Well Casing

Part 2. Casing materials standards and strengths.

By Thom Hanna, PG, and Mike Mehmert

We covered basic nomenclature in part one of this two-part series in the September 2023 issue. So, now that we are all talking about the same thing, let’s look at the standards and strengths of various common casing materials.

Standards were developed to ensure that when purchasing and using materials, those materials meet certain universal minimums.

Pipe materials used for constructing water wells are manufactured to the standards developed for two major pipe markets: the water, chemical, and gas transmission markets by the American Society for Testing Materials (ASTM standards) and the oil and gas industries by the American Petroleum Institute (API standards).

Most wells constructed today in North America reference specifications conforming to ASTM or API standards which cover such properties as: type of materials (steel or PVC); chemical composition; tensile and bending variations in composition, dimensions, weights requirements; pipe weights; end finish; coatings; and quality control (Table 1).

Selection of Casing Materials

Selection of casing materials is typically based on water quality, depth, well diameter, drilling method, costs, and project compliance requirements.

The most common water well casing materials are low carbon steel (LCS) which include low carbon steel and high-strength low alloy, thermoplastic PVC (PVC), and stainless steel (SS). Type 304 or 316 stainless steels are commonly specified for municipal wells for long service life.

The addition of chromium and nickel (for 304) and chromium, nickel, and molybdenum (for 316) to regular steel produces SS grades resistant to most water well environments. Occasional duplex stainless steels are used in very corrosive environments.

Recently, PVC casing has become more popular in well applications where its strength properties meet requirements, and its superior corrosive resistance and ease of handling are attractive.

However, there can be site-specific conditions, like the necessity of driving or pulling back casing or geothermal applications, that can prohibit using PVC. A final material consideration is traceability.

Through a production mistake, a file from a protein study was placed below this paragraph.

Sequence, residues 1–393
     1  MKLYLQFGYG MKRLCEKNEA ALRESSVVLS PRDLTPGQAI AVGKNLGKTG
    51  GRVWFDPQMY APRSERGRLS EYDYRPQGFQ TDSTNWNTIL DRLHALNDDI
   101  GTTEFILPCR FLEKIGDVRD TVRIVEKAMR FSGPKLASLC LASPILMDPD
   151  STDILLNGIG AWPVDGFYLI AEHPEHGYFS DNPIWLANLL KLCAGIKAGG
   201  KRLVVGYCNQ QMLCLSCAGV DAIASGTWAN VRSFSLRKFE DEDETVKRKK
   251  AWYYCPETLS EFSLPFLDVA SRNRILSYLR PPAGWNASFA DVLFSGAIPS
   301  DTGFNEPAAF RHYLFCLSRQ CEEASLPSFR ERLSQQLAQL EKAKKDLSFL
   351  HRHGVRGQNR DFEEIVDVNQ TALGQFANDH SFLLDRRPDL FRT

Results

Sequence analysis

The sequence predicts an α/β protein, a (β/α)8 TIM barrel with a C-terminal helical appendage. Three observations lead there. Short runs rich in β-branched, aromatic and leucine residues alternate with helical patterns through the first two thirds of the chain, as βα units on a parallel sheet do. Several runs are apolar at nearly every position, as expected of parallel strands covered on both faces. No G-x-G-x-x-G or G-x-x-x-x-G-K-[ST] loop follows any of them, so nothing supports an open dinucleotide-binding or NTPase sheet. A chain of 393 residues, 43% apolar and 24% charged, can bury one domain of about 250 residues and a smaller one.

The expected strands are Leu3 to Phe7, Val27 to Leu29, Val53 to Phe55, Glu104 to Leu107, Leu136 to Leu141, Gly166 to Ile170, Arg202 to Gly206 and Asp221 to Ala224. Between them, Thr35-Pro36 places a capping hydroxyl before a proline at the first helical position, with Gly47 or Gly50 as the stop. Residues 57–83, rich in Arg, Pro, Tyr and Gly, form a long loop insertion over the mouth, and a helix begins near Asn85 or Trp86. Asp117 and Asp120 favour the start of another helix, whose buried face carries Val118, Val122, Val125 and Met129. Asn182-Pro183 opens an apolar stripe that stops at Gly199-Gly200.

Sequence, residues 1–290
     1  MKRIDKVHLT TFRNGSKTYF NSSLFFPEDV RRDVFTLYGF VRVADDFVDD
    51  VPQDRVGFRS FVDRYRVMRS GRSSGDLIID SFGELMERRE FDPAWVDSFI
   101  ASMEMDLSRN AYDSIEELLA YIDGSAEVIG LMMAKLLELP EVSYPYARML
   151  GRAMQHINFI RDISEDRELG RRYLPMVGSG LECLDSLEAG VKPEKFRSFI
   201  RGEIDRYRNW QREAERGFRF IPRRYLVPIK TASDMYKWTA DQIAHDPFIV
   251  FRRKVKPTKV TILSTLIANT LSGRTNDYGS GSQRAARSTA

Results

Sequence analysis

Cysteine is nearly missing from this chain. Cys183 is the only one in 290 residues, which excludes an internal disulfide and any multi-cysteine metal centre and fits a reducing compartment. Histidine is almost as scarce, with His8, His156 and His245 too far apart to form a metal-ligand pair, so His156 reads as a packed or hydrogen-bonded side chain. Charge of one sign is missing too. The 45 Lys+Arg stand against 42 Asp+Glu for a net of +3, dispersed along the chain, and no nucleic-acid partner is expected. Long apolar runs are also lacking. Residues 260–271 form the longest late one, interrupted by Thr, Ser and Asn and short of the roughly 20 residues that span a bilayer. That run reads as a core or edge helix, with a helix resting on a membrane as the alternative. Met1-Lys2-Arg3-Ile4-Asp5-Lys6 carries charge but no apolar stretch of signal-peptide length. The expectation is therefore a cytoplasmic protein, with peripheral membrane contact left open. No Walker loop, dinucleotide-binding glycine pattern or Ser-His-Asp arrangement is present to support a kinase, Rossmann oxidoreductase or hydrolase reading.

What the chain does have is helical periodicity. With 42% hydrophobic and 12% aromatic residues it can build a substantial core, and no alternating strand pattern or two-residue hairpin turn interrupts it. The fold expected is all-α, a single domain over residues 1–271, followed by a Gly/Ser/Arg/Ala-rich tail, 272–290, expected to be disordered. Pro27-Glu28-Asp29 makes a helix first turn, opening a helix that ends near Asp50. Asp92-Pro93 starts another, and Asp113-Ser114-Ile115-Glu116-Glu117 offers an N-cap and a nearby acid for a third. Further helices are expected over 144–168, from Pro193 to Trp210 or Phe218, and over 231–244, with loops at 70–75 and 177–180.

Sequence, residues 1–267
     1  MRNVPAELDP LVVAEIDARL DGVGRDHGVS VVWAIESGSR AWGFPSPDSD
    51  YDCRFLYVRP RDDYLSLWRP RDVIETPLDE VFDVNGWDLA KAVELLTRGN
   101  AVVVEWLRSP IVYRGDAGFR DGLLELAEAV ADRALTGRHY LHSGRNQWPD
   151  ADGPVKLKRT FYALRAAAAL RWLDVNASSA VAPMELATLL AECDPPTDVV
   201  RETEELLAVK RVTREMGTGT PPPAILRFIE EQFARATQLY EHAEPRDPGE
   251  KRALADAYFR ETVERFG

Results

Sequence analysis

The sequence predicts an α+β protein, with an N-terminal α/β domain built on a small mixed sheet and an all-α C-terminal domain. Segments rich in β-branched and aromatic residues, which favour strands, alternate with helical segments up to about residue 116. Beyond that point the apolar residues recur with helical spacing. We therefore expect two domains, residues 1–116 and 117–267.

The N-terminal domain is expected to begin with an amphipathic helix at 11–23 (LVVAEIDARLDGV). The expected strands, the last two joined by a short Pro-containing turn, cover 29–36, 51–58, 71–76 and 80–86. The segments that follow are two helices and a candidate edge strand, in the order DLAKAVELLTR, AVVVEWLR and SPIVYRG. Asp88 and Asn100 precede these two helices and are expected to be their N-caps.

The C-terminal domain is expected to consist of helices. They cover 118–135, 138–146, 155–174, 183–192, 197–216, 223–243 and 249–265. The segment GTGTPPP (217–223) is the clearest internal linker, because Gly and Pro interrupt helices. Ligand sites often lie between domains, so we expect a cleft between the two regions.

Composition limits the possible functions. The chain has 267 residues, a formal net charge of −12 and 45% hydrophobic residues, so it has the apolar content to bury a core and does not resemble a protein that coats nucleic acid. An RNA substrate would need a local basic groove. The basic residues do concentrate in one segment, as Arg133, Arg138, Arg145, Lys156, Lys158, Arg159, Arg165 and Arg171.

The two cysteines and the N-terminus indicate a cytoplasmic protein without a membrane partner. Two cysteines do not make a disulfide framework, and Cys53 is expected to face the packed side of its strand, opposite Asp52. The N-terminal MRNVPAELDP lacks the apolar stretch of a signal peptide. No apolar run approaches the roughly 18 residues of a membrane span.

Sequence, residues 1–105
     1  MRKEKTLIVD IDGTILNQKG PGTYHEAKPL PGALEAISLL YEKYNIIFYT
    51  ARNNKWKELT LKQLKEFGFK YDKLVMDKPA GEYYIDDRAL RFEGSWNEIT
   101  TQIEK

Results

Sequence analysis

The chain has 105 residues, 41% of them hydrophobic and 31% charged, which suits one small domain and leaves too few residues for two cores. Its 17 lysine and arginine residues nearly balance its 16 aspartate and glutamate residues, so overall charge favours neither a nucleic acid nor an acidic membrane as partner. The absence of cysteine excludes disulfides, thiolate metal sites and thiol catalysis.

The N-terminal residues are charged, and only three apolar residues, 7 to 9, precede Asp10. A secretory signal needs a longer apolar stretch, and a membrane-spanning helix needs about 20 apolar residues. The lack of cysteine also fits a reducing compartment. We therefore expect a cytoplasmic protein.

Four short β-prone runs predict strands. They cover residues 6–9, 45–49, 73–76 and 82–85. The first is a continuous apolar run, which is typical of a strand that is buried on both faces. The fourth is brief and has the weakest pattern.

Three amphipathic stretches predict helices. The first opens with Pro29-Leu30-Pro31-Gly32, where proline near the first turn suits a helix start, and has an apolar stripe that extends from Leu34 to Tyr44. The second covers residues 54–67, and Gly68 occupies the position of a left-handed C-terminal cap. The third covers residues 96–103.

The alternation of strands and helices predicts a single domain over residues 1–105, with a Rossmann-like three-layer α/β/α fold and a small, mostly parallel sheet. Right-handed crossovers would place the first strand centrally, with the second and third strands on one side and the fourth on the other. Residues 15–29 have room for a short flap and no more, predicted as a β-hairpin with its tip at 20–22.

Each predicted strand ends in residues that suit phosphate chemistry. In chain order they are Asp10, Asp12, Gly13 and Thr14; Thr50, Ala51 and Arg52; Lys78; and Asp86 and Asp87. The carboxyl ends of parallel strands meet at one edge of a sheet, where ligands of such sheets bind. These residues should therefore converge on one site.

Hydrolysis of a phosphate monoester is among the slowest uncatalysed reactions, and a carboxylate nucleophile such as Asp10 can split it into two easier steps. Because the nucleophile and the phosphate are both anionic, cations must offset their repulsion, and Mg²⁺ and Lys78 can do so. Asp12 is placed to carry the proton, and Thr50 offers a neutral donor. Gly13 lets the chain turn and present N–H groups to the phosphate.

There can also be requirements for materials’ traceability as to country of origin or specific chemical composition, depending on the project scope and funding. While these conditions are not typical, they should be identified and understood up front to avoid frustration, unforeseen time requirements, possible downtime, and worst of all, fines or penalties.

Well Casing Strength

Well depth and diameter will directly influence the tensile and collapse strength requirements needed for a specific application. PVC pipe, for instance, may be ideal for a corrosive environment, but might be excluded due to depth or diameter requirements because PVC has approximately one-fifth the yield strength of steel pipe. PVC has a yield strength of 7000 psi vs. mild carbon steel that is 35,000 psi (Table 2).

Casing wall thickness must be sufficient to withstand full hydraulic loading if the casing is pumped dry. This is especially important when estimating differential loading during cementing operations.

Always remember with any casing material to include adequate safety factors (typical minimums are 50% to 100%). Especially keep in mind that there can be additional dynamic forces applied to the casing string during installation and development that are difficult or impossible to accurately quantify.

The most widely used collapse formula used to calculate steel casing design collapse is the Timoshenko equation:





Pd = design collapse (psi or kPa)

Yp = material yield strength (35,000 psi or 244,000 kPa for steel, 30,000 psi or 207,000 kPa for stainless steel)

D = outside diameter of casing (in or cm)

t = wall thickness (in or cm)

e = eccentricity constant (typically 1%)

Pcr = perfect cylinder collapse (psi or kPa) (Equation 9.2)

E = Young’s modulus (2.1 × 108 kPa or 3.0 × 107 psi for steel; 1.9 × 108 kPa or 2.8 × 107 for stainless steel)

u = Poisson’s ratio (0.28 for steel, 0.3 for stainless steel)

E and u are used in Equation 9.2 which is used to estimate the collapse of a perfect cylinder Pcr, which is part of the Timoshenko equation:




It is not widely published but casing wall thickness can vary by as much as 12.5% and still meet manufacturing standards. This is most commonly realized with stainless steels due to the higher cost per pound.